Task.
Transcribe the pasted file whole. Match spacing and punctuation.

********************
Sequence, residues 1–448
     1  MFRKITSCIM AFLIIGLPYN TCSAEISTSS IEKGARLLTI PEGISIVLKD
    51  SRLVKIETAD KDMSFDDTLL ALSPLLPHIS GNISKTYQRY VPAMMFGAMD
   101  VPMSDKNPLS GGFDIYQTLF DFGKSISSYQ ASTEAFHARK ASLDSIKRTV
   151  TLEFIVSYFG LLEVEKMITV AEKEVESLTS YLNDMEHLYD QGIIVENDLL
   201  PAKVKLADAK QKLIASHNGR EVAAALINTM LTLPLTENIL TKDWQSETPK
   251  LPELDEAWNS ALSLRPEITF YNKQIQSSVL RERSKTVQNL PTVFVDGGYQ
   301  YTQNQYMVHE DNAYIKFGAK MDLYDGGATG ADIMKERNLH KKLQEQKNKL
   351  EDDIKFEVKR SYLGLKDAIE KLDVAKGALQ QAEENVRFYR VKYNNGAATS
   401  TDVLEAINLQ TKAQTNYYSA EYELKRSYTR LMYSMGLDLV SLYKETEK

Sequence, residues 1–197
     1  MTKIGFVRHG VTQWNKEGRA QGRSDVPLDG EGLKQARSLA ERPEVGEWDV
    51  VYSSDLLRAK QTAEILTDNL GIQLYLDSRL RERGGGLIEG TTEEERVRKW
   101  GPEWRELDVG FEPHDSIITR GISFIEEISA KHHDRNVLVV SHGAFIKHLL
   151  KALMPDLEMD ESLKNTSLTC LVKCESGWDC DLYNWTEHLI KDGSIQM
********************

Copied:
Sequence, residues 1–448
     1  MFRKITSCIM AFLIIGLPYN TCSAEISTSS IEKGARLLTI PEGISIVLKD
    51  SRLVKIETAD KDMSFDDTLL ALSPLLPHIS GNISKTYQRY VPAMMFGAMD
   101  VPMSDKNPLS GGFDIYQTLF DFGKSISSYQ ASTEAFHARK ASLDSIKRTV
   151  TLEFIVSYFG LLEVEKMITV AEKEVESLTS YLNDMEHLYD QGIIVENDLL
   201  PAKVKLADAK QKLIASHNGR EVAAALINTM LTLPLTENIL TKDWQSETPK
   251  LPELDEAWNS ALSLRPEITF YNKQIQSSVL RERSKTVQNL PTVFVDGGYQ
   301  YTQNQYMVHE DNAYIKFGAK MDLYDGGATG ADIMKERNLH KKLQEQKNKL
   351  EDDIKFEVKR SYLGLKDAIE KLDVAKGALQ QAEENVRFYR VKYNNGAATS
   401  TDVLEAINLQ TKAQTNYYSA EYELKRSYTR LMYSMGLDLV SLYKETEK

Sequence, residues 1–197
     1  MTKIGFVRHG VTQWNKEGRA QGRSDVPLDG EGLKQARSLA ERPEVGEWDV
    51  VYSSDLLRAK QTAEILTDNL GIQLYLDSRL RERGGGLIEG TTEEERVRKW
   101  GPEWRELDVG FEPHDSIITR GISFIEEISA KHHDRNVLVV SHGAFIKHLL
   151  KALMPDLEMD ESLKNTSLTC LVKCESGWDC DLYNWTEHLI KDGSIQM